Grey Note: A major thing missing from this section is the ability to rent two scooters at the same time. We were initially going to do two Birds then two Limes once we got downtown, but we had to settle with doing one of each. I had signed in to the Bird app on my phone with my Dad’s account, and started a session with that phone. Then he used his phone on another nearby Bird, but it knew he was renting one out already. We did spot a Lime within 100′, so we were OK, but don’t expect to be able to rent two of the same brand with only one account.
If you are looking for a side hustle, Bird and Lime both offer the opportunity to charge scooters as a ‘Bird Charger’ or ‘Lime Juicer.’
I haven’t done it, but here’s how it works:
- Sign up
- Get oriented and receive charging cables (which work on either scooter)
- Find scooters that need charging
- Capture the scooters and charge them – typically 4-5 hours to go from 0-100% battery
- Release the charged scooters between 4 and 7am at a ‘Bird Nest’ or ‘LimeHub’
The pay varies depending on how badly the scooter needs charging and whether you get it back into service in a timely manner. Typically you can earn $4-5 per charge.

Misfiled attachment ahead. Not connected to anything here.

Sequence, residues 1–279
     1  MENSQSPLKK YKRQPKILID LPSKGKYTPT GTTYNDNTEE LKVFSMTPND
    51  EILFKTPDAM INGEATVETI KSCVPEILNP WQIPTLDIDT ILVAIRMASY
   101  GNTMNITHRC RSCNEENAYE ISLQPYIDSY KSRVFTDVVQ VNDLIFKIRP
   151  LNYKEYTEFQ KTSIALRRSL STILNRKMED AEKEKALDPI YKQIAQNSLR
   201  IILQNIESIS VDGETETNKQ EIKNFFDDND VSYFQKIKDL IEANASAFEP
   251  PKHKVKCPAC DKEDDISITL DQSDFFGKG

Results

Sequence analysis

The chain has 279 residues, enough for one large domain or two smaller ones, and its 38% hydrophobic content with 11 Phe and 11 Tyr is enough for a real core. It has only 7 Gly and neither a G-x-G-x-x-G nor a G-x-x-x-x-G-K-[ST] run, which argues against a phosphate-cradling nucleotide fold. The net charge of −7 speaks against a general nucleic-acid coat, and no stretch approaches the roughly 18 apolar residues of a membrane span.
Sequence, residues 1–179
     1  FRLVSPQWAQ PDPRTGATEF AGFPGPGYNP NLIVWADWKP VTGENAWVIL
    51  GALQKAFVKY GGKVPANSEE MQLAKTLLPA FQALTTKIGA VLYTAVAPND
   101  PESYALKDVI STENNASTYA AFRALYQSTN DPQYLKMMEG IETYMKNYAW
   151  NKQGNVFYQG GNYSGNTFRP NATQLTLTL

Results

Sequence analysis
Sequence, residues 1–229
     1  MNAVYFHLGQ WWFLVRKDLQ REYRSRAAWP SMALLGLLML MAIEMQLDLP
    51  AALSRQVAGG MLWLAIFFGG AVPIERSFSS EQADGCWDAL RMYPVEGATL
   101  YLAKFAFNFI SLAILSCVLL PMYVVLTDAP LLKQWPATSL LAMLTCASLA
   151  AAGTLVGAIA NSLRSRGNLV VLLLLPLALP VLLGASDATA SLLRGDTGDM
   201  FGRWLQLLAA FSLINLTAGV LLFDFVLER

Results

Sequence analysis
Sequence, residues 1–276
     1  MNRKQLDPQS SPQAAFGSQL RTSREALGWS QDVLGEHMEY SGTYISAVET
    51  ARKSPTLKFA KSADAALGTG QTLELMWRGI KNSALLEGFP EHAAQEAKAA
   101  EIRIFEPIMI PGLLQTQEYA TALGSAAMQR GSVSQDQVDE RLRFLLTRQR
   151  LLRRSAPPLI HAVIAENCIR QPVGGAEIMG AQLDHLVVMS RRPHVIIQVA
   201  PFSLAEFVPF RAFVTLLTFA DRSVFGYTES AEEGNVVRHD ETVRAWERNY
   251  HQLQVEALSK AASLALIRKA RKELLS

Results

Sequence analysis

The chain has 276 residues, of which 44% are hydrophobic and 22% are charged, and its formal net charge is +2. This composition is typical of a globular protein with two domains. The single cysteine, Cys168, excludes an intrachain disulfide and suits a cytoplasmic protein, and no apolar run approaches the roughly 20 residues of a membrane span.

Cost is mostly your time, and maybe a 25-cent-per-charge adder to your electric bill.
Not a bad side hustle if you have some free time and live in a neighborhood where these scooters like to congregate.
Income Winner: TIE
Lime was the clear winner in our little afternoon of trials, but if a Lime was a couple blocks away and a Bird in front of me, I wouldn’t make the 2-block trek. They both seem solid, with Lime somewhat better.
And I’m looking forward to trying Lime-E electric bikes, 100 of which recently dropped on Baltimore streets (identified in the Lime app by a blue lightning bolt icon).
I hope they survive longer than Baltimore’s 2014 bike-sharing program that saw four dozen bikes stolen in one day in Druid Hill Park. The on-board GPS devices should help – it serves as a built-in LoJack.
If you want to join us in our next phase of this important research, let me know.